Ahmed El-Eshmawi, Ana Claudia Costa, Percy Boateng, Dimosthenis Pandis, Yonatan Israel, David H Adams, Gilbert H L Tang
Purpose of review
As transcatheter edge-to-edge mitral valve repair (TEER) evolves and indications broaden to include younger and lower surgical risk patients, it is essential to understand TEER failure trends and potential impact on subsequent mitral valve surgery, especially when pertaining to feasibility of durable valve reconstruction as opposed to de-novo repair.
Results of the two largest series analysing mitral valve surgery following TEER have demonstrated remarkably low repairability rates with consequent need for valve replacement. Post TEER surgery was associated with high early and late mortalities, likely as a reflection of patient baseline characteristics and acuity of surgery. Presence and correction of concomitant cardiac pathologies were a frequent finding. Centre and surgeon volumes were important factors in optimizing the likelihood of salvage repair and reducing perioperative risks.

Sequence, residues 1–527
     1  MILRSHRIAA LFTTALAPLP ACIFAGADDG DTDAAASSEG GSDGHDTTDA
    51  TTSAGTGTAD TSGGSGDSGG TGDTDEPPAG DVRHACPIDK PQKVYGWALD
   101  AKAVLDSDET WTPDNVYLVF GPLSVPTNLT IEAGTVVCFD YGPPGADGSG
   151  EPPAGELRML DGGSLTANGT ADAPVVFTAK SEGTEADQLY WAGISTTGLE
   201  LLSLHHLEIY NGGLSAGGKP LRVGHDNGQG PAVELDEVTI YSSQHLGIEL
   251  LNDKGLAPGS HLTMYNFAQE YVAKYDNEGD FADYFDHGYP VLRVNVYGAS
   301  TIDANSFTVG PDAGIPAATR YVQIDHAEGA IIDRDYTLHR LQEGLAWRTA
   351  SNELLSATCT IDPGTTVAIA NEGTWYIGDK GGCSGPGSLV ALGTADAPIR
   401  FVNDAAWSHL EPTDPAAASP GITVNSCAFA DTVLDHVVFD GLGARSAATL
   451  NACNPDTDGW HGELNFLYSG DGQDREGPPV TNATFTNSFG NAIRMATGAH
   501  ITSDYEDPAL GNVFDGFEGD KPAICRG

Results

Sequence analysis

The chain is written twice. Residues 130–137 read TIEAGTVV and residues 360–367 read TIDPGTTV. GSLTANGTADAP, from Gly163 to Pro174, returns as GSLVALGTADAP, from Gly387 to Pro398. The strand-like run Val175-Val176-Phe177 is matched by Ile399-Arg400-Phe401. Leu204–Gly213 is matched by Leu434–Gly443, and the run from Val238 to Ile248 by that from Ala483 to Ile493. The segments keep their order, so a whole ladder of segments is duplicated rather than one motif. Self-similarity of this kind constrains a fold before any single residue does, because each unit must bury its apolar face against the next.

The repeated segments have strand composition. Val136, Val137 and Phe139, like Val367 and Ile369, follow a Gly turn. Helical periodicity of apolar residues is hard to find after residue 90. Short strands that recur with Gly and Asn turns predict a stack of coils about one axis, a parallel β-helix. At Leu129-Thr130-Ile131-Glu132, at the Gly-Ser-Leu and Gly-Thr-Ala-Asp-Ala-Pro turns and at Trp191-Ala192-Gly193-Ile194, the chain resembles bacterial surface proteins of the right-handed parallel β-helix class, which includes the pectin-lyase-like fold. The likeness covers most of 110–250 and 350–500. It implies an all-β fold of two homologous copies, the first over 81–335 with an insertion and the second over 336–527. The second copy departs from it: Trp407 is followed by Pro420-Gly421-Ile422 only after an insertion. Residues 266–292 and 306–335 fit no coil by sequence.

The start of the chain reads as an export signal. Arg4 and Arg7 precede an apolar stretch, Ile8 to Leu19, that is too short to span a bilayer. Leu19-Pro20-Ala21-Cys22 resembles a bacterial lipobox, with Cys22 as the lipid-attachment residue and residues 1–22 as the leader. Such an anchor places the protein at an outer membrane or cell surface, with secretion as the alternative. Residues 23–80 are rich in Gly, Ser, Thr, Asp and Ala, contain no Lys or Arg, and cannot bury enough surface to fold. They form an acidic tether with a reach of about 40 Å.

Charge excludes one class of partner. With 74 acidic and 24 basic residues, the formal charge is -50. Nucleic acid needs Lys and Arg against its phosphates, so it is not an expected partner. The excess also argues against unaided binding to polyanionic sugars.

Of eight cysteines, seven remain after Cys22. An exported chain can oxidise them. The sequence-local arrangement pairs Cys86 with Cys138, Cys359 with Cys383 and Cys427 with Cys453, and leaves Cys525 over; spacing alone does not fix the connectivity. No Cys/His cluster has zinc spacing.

Surgical mitral valve repair in reference centres remain the gold standard and the most durable treatment for degenerative mitral disease with excellent perioperative safety outcomes. Given the high likelihood of needing high-risk mitral valve replacement when TEER fails, consideration for potentially less durable transcatheter alternatives should be taken with caution in younger or lower surgical risk patients.
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